The government then presented Sheriff Andy Hires, warning the district court that his testimony would constitute evidence of a prior act. The government asserted that it was introducing the testimony to prove " intent and knowledge" --that Stacy knew pseudoephedrine " was a controlled substance and that it was for the purpose of making methamphetamine." The district court did not conduct any further analysis, but gave an instruction cautioning the jury to consider Hires's testimony only on the issues of intent and knowledge, not Stacy's propensity to commit the charged offenses.

Hires testified that in March 2008 he responded to a call about a vehicle parked at an abandoned house and encountered Stacy and two other men inside the house. He said that a dog brought to the house alerted to the presence of drugs, leading to a search of Stacy and the vehicle. Hires explained that Stacy had " a small corner-cut baggy that had a white powdery substance" in his pocket and identified the bag as an exhibit introduced by the government. Hires added that his team also found two packages of pseudoephedrine pills in the trunk of the vehicle along with methamphetamine residue and additional items used to manufacture methamphetamine. On cross-examination, defense counsel elicited that Stacy was charged with possession of methamphetamine at that time, but that case " was disposed of." A second officer confirmed that he helped preserve the bag found in Stacy's pocket.

The government continued by presenting additional evidence about Stacy's involvement with methamphetamine. The government showed the jury the scale recovered from Stacy's room, and a forensic scientist testified that there was methamphetamine residue on it. Two methamphetamine cooks, Chris Stout and Jason Banker, testified that Stacy had provided them with pseudoephedrine for making methamphetamine. Banker added that he had seen Stacy using a scale to weigh methamphetamine. An additional witness, a smurf, testified about giving pills to Stacy for use in making methamphetamine and about using the drug with him.

Finally, the government presented sheriff's deputy Michael Bertin, who was involved in investigating Stacy's activities in both 2008 and 2012. Bertin confirmed the chain of custody for the bag of methamphetamine found on Stacy in March 2008. He also testified about recovering the glass smoking pipe from the vehicle

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at Stacy's arrest in 2012, and he spoke about the search of Stacy's residence, where police found an electronic scale for weighing methamphetamine on a dresser in his room and a pill container with one pseudoephedrine pill and one painkiller. Lastly, Bertin discussed a summary of pharmacy logs showing that, on multiple occasions, Stacy and his affiliates had made purchases of pseudoephedrine pills within short time frames of each other.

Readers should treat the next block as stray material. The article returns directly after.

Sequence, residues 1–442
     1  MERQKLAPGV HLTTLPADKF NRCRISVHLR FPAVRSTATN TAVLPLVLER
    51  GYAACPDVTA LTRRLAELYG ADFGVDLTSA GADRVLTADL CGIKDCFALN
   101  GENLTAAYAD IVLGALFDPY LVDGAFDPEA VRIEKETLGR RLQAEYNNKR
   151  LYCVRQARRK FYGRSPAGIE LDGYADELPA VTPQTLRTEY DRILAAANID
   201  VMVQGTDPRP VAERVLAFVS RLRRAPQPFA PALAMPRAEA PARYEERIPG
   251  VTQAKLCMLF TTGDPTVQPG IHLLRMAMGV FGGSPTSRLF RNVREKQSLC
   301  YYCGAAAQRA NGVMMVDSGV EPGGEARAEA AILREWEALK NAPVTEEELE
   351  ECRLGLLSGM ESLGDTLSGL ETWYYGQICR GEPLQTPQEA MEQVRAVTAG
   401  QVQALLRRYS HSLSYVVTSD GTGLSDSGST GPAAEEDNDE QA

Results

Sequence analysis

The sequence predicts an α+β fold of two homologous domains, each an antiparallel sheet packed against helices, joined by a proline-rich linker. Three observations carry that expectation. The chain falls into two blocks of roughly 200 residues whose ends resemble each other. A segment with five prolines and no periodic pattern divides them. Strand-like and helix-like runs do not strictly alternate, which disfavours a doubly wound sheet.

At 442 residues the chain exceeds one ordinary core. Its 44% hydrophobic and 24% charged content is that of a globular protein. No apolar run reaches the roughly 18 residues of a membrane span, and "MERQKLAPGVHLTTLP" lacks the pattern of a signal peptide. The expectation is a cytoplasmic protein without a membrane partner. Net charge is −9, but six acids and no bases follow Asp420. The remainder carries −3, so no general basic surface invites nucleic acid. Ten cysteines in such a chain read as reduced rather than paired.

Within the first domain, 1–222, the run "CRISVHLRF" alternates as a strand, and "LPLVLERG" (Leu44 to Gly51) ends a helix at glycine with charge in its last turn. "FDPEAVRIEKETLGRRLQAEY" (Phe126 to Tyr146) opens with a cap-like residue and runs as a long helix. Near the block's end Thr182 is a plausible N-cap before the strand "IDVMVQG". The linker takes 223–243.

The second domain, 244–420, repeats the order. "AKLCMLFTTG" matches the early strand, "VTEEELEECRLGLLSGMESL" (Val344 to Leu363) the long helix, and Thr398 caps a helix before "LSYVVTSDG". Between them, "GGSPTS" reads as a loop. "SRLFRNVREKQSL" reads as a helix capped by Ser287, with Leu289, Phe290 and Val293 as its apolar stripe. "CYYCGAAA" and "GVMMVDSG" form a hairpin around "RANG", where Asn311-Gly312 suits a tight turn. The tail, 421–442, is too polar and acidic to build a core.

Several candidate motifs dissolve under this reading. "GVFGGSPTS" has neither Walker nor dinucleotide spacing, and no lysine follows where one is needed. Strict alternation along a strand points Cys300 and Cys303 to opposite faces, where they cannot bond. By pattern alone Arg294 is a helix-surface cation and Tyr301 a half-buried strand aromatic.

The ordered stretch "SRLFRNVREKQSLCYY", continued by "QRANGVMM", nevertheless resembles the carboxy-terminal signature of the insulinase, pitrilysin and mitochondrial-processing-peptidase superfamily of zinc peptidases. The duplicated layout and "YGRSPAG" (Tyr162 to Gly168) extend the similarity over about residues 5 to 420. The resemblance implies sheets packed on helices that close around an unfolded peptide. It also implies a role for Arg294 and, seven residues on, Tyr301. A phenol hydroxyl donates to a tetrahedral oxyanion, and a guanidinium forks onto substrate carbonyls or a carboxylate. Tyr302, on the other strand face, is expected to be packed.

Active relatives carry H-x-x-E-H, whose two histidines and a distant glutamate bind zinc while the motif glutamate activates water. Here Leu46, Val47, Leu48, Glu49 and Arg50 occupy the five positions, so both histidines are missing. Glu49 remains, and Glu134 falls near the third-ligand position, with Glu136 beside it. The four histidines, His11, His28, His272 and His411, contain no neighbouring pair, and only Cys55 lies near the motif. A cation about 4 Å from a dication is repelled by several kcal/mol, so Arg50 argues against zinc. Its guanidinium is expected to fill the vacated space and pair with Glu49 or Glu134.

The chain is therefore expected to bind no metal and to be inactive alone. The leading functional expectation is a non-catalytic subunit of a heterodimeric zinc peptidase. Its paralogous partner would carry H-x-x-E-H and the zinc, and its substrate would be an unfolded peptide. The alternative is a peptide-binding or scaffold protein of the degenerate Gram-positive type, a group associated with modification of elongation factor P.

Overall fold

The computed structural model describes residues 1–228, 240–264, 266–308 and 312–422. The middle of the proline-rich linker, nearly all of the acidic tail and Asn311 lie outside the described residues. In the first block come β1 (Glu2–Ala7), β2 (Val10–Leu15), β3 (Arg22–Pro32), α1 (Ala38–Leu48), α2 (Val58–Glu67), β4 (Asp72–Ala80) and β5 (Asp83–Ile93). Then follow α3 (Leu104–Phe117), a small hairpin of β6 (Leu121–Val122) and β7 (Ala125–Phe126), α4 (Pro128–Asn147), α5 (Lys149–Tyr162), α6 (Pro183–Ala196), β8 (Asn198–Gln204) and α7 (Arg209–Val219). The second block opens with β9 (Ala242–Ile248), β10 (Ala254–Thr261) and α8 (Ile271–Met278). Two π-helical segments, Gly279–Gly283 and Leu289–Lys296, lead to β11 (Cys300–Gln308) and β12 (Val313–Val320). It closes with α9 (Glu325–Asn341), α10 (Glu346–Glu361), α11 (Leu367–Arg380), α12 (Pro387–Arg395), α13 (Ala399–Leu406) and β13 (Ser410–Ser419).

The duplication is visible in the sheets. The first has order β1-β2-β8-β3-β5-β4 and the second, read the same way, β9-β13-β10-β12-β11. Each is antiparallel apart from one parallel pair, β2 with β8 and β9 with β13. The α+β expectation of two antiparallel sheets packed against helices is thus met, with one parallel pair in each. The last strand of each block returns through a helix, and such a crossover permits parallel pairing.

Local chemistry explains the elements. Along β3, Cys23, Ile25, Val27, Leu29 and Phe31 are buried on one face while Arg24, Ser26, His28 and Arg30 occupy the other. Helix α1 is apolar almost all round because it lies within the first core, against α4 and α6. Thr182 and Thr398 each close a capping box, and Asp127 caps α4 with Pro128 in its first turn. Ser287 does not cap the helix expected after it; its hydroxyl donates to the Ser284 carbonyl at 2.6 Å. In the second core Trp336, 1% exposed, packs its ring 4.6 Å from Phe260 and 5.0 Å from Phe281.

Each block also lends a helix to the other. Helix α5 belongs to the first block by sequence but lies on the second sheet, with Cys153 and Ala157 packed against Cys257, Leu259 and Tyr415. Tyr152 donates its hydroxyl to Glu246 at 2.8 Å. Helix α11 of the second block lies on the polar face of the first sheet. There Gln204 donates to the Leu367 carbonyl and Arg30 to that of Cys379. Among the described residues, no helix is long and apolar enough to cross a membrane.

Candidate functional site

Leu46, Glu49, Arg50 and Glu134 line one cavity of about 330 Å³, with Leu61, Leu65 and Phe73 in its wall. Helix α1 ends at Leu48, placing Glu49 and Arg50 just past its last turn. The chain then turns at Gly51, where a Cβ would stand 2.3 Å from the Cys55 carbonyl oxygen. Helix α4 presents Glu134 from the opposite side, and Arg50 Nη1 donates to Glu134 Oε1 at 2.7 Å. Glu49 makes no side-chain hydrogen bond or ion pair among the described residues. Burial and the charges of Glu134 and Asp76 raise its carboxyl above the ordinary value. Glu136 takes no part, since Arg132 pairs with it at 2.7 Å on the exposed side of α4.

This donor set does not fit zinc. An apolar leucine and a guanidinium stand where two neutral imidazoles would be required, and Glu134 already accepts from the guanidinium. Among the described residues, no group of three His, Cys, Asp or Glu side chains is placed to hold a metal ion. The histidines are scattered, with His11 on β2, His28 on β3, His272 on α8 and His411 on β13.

The government then rested its case. Stacy discussed with the district judge the possibility of testifying himself--acknowledging that he " took a blood bath yesterday" --but ultimately did not present any evidence in defense. The court again warned the jury not to consider the evidence of Stacy's earlier crime for any purpose other than determining intent, knowledge, or lack of mistake. The jury returned a verdict of guilty on all five counts and a special verdict finding that the conspiracy involved manufacturing more than 50 grams of methamphetamine.


In advance of sentencing, a probation officer, using pharmacy logs, determined that Stacy was responsible for relevant conduct involving 326.98 grams of pseudoephedrine. The probation officer also recommended an offense-level increase of two for Stacy using a person under eighteen, Kaleb Bracken, to commit the offense. U.S.S.G. § 3B1.4. The total recommended offense level was 36 with a criminal history category of VI, for an advisory sentencing range of 324 to 405 months for the conspiracy count and 240 months--the statutory maximum--for the pseudoephedrine counts.

The district court accepted the probation officer's recommendations and imposed a within-range prison sentence of 336 months. In asking for leniency, Stacy's attorney emphasized that Stacy was 47 years old and would reach age 70 in prison even if given a sentence at the low end of the sentencing range. The court decided, however, that none of the factors under 18 U.S.C. § 3553(a) weighed in Stacy's favor, explaining that Stacy is " no dummy" and knew better than to manufacture methamphetamine, and that he had " one of the worst criminal histories" the court had ever seen.



Rule 404(b)(1) prohibits the admission of evidence of crimes, wrongs, or other acts for the purpose of proving a person's character or propensity to behave in a certain way. Rule 404(b)(2), however, allows admission of other-act evidence " for another purpose, such as proving motive, opportunity, intent, preparation, plan, knowledge, identity, absence of mistake, or lack of accident."